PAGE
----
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June 17, 2015

10 Questions with Siggy Buckley (@Hernibs)

What gave you the idea of dropping out of the rat race and become organic farmers in Ireland?
It was actually a thought in Mac’s, my then husband’s head that he was harboring already without my knowledge when we got married. When he put garden tools, a wheelbarrow, a cable drum, and a pickaxe on our wedding list. That plus a book that was #1 on the best-seller list in Germany: John Seymour: The big book of Self-Sufficiency. I thought it was a joke and that he just wanted to garden a little at home in Germany in his free time.

Why Ireland?
Ireland was a mostly unpolluted country, away from the arms race and rearmament of Nato-Europe in the 80s. Mac had been there once as a student on a vacation playing golf and loved it because of its laid-back, unspoilt character and old-world charm. He kept saying, “We’ll go to Ireland when I retire.”

How did you take it?
I replied, “OK, honey.” Little did I know that he planned to retire at the age of 40. When that became clear to me, I needed counseling for over two years to cope with that idea.

How did you prepare for such a move? How did you learn the necessary skills?
We first moved to a cottage in the country where he studied the book and applied the skills in our garden. We had endless discussions about how we could survive financially.

Was there anything in your background that prepared you for such a life?
We were both academics, not one agricultural gene in our heritage.

I Once Had a Farm in Ireland
How did your family take it?
Family and friends were either appalled or ridiculed us. They accepted our being “Green” and very conscious of environmental issues, but couldn’t we practice that and live like that in Germany too? When my mother died and his parents got divorced the path to emigrating seemed to be clear. His mother, the only living relative surely could come with us, no?

Tell us about your daily routine as organic farmers?
Get up, let the geese and chickens out first, then have breakfast while grinding 1 kg of wheat into flour; then started a bread or a cake. Mac and the kids mucked out the stable. Then I got the children ready for school Mac began his workday by checking on the animals: cows, sheep, pigs, and horses. Drive kids to school in Limerick or car pool, go to college (University of Limerick)  to teach a few hours. Picked up children from school, did some shopping for groceries. Mac would have dealt with emergencies or mended fences and water-supplies; depending on the time of year calving and lambing was on the cards and looking after the flock.  Once or twice a week, I gave German classes at home at my kitchen table. Otherwise I just prepared classes for the next day in college .Then cook dinner while kids did their homework. After that, the last round checking on animals, put poultry to bed before the fox could get them in the twilight. Muck out stables again. Mac read a paper and had a glass of homebrew. Mostly we were in bed by 9 P.M. In winter, the routine slightly differed when some animals were in sheds.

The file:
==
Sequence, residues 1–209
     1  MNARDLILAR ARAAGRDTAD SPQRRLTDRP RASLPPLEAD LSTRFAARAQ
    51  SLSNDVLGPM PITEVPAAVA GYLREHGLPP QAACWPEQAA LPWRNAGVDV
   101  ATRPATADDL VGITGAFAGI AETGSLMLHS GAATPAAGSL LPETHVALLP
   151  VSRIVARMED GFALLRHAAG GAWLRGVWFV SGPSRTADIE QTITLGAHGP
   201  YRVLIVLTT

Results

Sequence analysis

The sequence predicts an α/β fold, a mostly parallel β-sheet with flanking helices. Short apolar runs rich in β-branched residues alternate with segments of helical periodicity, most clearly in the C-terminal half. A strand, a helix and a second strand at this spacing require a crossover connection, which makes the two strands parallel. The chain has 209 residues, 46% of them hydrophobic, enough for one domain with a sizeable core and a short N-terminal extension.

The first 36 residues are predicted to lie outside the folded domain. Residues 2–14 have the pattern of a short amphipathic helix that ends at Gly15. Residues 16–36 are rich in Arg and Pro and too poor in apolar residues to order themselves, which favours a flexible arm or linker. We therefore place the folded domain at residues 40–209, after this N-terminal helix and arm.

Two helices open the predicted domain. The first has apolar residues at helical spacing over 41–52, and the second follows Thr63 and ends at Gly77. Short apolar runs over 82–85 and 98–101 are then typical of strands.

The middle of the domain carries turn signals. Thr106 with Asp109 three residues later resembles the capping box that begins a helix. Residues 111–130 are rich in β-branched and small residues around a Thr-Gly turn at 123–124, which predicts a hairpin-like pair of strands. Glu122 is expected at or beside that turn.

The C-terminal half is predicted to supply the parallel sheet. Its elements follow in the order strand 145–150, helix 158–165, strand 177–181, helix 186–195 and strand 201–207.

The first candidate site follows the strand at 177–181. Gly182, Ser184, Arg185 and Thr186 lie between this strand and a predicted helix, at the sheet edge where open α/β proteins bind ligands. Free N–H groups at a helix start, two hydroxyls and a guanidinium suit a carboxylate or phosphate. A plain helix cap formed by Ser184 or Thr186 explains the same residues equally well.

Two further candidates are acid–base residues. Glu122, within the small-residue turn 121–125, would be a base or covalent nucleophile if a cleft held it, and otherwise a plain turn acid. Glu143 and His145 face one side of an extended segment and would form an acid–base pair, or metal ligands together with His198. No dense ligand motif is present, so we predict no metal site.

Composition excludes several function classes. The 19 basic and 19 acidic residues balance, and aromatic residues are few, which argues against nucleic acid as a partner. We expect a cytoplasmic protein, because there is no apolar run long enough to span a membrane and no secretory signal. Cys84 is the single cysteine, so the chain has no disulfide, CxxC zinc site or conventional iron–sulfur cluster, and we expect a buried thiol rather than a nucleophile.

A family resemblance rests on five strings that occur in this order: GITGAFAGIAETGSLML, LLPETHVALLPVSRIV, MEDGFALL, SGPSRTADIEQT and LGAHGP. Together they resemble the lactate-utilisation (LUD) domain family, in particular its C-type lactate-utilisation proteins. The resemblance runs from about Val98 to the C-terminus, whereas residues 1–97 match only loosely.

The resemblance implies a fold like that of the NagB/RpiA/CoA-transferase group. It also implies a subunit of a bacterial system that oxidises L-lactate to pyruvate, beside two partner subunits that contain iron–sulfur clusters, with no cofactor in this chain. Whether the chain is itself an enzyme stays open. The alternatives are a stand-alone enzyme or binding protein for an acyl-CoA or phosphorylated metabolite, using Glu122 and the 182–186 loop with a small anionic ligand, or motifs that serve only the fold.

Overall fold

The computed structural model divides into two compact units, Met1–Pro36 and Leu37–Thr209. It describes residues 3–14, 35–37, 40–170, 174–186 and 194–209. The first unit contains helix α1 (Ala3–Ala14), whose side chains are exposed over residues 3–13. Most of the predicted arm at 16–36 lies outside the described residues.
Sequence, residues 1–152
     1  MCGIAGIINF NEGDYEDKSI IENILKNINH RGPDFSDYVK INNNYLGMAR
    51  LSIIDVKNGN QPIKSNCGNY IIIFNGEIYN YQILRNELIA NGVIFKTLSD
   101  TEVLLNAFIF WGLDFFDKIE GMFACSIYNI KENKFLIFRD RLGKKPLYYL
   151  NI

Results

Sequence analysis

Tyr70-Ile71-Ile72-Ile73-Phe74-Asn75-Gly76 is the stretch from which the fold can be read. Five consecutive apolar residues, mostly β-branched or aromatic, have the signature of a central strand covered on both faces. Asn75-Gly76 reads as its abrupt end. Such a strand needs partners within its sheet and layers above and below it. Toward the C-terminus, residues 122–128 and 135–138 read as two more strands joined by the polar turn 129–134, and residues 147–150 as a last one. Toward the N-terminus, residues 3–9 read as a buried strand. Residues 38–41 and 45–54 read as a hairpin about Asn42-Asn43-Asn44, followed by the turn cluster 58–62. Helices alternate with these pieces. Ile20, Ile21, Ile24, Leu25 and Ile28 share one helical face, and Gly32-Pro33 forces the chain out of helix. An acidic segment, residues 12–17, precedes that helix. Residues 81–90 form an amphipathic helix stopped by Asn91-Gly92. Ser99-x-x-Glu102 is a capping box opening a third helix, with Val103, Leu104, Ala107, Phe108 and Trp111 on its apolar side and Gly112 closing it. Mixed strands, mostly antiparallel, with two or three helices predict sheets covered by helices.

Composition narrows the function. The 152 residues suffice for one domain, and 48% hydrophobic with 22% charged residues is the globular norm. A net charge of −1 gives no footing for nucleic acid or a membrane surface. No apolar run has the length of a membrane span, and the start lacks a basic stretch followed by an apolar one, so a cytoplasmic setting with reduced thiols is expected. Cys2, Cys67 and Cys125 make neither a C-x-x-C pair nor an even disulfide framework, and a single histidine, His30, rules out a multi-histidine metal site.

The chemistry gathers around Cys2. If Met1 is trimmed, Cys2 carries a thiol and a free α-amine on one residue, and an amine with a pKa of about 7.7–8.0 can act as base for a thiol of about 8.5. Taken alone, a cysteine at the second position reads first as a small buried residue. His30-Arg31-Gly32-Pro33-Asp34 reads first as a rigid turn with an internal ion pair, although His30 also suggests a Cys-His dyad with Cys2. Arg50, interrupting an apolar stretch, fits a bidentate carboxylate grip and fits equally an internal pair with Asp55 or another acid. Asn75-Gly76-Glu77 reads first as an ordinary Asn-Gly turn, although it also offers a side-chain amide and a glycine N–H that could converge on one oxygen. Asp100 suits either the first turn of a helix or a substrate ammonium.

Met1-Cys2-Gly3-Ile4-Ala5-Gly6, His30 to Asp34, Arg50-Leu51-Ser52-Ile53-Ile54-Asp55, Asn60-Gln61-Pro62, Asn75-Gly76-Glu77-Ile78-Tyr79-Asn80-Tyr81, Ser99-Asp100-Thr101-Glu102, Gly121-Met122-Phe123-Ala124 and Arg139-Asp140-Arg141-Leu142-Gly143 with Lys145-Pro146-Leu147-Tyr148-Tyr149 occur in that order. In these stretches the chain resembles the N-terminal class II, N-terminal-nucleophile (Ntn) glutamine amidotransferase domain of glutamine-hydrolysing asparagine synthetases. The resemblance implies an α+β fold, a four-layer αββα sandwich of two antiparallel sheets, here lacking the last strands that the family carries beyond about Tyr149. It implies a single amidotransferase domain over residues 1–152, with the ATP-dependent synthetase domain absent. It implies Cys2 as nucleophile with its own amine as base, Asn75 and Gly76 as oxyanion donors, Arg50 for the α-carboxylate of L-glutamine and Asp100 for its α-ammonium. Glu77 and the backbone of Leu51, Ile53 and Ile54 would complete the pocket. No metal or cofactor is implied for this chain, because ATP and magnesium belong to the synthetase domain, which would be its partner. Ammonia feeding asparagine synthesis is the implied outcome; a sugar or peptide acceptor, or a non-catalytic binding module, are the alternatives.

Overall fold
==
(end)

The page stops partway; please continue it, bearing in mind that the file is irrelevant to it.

What were the most difficult things about organic farming?
Organic prohibits applying herbicides or pesticides. So I picked caterpillars and other bugs from each Brussels sprout plant with a little knife and picked up slugs by hand.  Weeds I pulled by hand; on bigger areas like the tarmac yard, I tried a flame thrower but that never worked. You need to do it twice in a row on a couple of dry days. You hardly get 2 dry days however in a row in the west of Ireland.

I also found it very off-putting to transport dead animals in our Jeep to the lab to find the cause of death. Or to make hay by hand when you suffer from hay fever and asthma.

What did you like best about it?
I loved best to sit out in the sun with a book—that hardly ever happened. I enjoyed my growing flower garden and the taste of our first raspberries and red currants each year. I loved experimenting with fruit wines and preserves that I sold to the local market. I hated that there was never time for leisure activities or to go on vacations.

How long did you stick with it?
For almost 10 years. When nothing much changed in our lifestyle- like things I wanted to do, go to a movie, concert or even travel etc. -- I said to Mac: “It’s either the cows or me, one of us has to go! He chose the company of his cows. I set myself free and converted my life-sentence: I left the farm. For my first book: Next Time Lucky.

Buy I Once Had a Farm in Ireland at Amazon

About the Author
Educated in Germany with a Master’s Degree in English, Siggy Buckley lived in Ireland for over 15 years, first teaching at the University of Limerick as an adjunct professor, while building up an organic farm. She later ran her own businesses in Dublin before coming to the USA in 2003. In 2005, Siggy married an American and pursued her life-long dream of writing.
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